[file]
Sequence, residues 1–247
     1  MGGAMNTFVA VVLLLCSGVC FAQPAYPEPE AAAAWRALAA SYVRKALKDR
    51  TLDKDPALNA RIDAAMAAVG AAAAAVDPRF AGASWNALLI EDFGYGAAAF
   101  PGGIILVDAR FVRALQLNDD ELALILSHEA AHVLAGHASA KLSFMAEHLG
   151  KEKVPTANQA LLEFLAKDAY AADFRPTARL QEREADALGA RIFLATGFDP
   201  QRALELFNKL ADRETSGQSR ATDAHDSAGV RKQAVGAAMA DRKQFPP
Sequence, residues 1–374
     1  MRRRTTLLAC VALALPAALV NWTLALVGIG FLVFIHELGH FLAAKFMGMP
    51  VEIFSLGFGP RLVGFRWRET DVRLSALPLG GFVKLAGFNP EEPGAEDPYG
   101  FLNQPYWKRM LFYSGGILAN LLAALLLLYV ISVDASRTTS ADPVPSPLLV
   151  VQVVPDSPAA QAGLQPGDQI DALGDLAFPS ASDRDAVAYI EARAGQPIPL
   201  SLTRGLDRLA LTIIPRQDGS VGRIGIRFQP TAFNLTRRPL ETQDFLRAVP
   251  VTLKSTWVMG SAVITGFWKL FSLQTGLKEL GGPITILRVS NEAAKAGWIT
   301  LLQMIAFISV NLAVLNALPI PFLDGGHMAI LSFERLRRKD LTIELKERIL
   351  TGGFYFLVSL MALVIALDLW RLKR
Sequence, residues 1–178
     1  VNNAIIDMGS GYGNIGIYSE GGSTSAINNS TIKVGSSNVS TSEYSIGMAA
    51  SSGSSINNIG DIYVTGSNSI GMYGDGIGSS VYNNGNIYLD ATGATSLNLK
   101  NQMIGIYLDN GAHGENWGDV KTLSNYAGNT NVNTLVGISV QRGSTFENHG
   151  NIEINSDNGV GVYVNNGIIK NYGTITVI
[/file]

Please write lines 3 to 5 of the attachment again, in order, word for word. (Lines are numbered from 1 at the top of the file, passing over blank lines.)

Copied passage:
    51  TLDKDPALNA RIDAAMAAVG AAAAAVDPRF AGASWNALLI EDFGYGAAAF
   101  PGGIILVDAR FVRALQLNDD ELALILSHEA AHVLAGHASA KLSFMAEHLG
   151  KEKVPTANQA LLEFLAKDAY AADFRPTARL QEREADALGA RIFLATGFDP